Paloma Escudero, Unicef 

A boy tracking on railway tracks to cross 
from the Former Yugoslav Republic of Macedonia into Serbia 
credits: UNICEF/NYHQ2015-2203/Georgiev
Some 50 million children have been uprooted from home, more than half by conflict, the UN Children's Fund, UNICEF, said in September 2016.
In a new report on the global challenge, the agency highlights that children and youngsters make up a growing proportion of those seeking shelter outside their countries of origin.
UNICEF Executive Director Anthony Lake said Universal Children’s Day was "an annual opportunity to recommit ourselves to protecting the rights of every child".   
"These children are the future leaders of their societies. The future engines of their national economies. The future parents and protectors of the next generation. 
“When we protect their rights, we are not only preventing their suffering. We are not only safeguarding their lives. We are protecting our common future.”

"We must confront the truth that around the world the rights of millions of children are being violated"

In many developed countries, children have never had it so good, with access to education, health care, the internet and much more.
But millions more are facing unprecedented upheaval. More than 50 million children have been uprooted from their homes due to conflict, poverty and climate change while millions more face violence in their communities. According to the UN, around 263 million children do not attend school and last year nearly six million children under five died from mostly preventable diseases.

Children in Syria
credits: REUTERS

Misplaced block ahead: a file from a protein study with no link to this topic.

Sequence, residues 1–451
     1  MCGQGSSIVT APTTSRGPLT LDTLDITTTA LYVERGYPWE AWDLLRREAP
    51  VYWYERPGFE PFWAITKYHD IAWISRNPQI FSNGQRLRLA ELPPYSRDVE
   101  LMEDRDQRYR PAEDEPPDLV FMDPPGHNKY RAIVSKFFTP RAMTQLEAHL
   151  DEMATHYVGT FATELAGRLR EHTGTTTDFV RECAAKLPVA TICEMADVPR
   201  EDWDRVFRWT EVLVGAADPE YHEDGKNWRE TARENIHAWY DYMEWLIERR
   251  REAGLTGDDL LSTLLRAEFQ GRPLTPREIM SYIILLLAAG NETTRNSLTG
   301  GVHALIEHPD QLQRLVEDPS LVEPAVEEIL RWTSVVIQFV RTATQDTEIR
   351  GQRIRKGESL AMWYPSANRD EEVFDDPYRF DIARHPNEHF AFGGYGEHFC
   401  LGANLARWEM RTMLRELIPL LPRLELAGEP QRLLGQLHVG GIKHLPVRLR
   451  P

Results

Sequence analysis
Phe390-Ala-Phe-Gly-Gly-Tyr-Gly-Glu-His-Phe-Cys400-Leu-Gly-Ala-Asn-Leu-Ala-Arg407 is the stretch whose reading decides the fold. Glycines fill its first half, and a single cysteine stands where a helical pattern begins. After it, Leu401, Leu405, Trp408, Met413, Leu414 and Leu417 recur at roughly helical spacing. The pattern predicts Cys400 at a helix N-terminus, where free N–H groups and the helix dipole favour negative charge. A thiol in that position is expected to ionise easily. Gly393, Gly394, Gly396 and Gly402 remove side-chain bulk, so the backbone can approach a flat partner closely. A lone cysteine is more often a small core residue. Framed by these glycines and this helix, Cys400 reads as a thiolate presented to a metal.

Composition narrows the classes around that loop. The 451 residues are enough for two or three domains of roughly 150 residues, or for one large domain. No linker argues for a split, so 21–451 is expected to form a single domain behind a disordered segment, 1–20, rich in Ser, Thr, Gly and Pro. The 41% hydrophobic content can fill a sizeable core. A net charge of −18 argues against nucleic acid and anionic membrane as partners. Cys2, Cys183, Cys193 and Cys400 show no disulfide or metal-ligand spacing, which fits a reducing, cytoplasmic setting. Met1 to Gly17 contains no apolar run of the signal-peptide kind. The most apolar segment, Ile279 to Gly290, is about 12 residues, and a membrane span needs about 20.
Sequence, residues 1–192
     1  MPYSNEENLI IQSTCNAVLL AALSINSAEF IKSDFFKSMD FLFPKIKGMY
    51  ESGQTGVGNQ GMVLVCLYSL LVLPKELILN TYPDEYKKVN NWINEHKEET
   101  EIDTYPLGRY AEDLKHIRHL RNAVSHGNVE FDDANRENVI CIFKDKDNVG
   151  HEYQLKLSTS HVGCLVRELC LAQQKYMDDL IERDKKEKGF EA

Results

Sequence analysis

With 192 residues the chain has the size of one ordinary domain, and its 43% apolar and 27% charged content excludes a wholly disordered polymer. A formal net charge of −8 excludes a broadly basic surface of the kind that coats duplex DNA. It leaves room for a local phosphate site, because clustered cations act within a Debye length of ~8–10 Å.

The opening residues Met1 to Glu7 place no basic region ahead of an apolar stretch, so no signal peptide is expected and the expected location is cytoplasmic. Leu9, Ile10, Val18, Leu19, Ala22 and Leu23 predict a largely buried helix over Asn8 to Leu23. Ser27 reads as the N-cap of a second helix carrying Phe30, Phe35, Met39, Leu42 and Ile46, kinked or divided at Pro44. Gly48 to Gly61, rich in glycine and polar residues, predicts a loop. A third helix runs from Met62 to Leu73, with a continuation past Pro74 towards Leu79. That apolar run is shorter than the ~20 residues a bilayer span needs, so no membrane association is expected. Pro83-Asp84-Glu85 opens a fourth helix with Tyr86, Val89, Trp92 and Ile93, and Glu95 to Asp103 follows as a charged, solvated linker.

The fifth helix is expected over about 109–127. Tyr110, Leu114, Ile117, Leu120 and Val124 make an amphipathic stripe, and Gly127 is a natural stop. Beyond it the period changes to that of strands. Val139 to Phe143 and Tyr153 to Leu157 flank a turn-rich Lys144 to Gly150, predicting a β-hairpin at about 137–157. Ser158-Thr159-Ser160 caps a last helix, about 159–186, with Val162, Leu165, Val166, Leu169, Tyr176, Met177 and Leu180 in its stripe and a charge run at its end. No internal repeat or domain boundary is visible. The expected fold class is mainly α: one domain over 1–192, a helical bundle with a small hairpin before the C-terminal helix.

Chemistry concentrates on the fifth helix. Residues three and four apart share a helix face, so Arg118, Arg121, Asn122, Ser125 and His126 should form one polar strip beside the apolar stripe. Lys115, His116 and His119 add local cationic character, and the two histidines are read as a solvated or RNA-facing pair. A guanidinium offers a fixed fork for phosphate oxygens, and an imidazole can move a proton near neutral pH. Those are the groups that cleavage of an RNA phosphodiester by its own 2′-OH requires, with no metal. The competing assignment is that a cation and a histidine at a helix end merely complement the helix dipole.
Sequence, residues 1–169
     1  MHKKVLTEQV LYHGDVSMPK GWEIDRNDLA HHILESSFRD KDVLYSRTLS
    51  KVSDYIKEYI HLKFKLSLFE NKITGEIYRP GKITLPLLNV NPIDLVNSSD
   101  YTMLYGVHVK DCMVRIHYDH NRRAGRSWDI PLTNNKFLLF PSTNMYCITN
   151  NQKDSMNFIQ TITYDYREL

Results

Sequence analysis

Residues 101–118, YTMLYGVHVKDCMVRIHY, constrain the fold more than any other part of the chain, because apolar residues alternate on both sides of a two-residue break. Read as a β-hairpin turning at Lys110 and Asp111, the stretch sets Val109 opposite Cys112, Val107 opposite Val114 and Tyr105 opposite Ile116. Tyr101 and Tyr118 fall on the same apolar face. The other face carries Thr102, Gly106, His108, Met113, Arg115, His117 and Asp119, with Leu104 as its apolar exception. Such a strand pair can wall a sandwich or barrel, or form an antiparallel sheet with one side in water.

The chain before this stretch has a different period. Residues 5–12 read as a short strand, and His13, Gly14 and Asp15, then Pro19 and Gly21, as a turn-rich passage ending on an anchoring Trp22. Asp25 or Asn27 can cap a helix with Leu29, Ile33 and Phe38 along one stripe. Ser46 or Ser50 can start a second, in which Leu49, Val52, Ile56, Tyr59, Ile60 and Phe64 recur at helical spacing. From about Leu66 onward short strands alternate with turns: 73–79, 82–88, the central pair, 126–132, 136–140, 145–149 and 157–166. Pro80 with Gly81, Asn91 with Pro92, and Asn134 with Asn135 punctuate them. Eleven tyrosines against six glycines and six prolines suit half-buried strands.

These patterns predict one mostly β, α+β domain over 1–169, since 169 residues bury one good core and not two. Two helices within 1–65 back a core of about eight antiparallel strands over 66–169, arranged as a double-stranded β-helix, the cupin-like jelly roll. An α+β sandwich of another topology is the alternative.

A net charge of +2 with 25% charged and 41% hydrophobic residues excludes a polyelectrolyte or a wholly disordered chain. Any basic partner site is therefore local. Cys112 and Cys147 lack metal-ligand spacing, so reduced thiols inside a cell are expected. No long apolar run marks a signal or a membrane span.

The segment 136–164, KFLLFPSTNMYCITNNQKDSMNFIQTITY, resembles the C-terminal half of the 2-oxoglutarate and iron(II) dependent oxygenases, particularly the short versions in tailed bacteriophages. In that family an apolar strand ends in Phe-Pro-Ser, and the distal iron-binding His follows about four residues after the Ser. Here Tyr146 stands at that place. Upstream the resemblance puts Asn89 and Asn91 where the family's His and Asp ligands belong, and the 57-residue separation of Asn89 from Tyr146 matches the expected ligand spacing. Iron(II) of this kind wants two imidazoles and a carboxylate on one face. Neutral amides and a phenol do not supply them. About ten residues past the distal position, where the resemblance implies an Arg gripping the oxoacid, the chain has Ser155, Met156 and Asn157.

Children in Syria are living in fear every day. The relentless bombardment forced schools in east Aleppo to close "for the safety of students and teachers, after the barbarous aerial strikes", 
Ali al-Za'atari, humanitarian coordinator for Syria  & Kevin Kennedy, regional humanitarian coordinator

Children evacuated from a Syrian school
credits: Getty Images
Inside Syria, more than 2 million children and adolescents aren’t in school, while 600,000 school-age refugees don’t have access to learning, according to UNICEF.
The situation is particularly precarious inside the war zone where there’s a shortage of teachers and textbooks, and school buildings are fair game for battle. Last year alone, at least 160 children were killed in attacks on Syrian schools, according to UNICEF.
“They’re being violated around the world, in every country, wherever children are the victims of violence, abuse and exploitation,"  

Even today, seven children were killed as Aleppo hospital – where kids were being treated for a brutal gas attack – is blown to pieces by Syrian warplanes.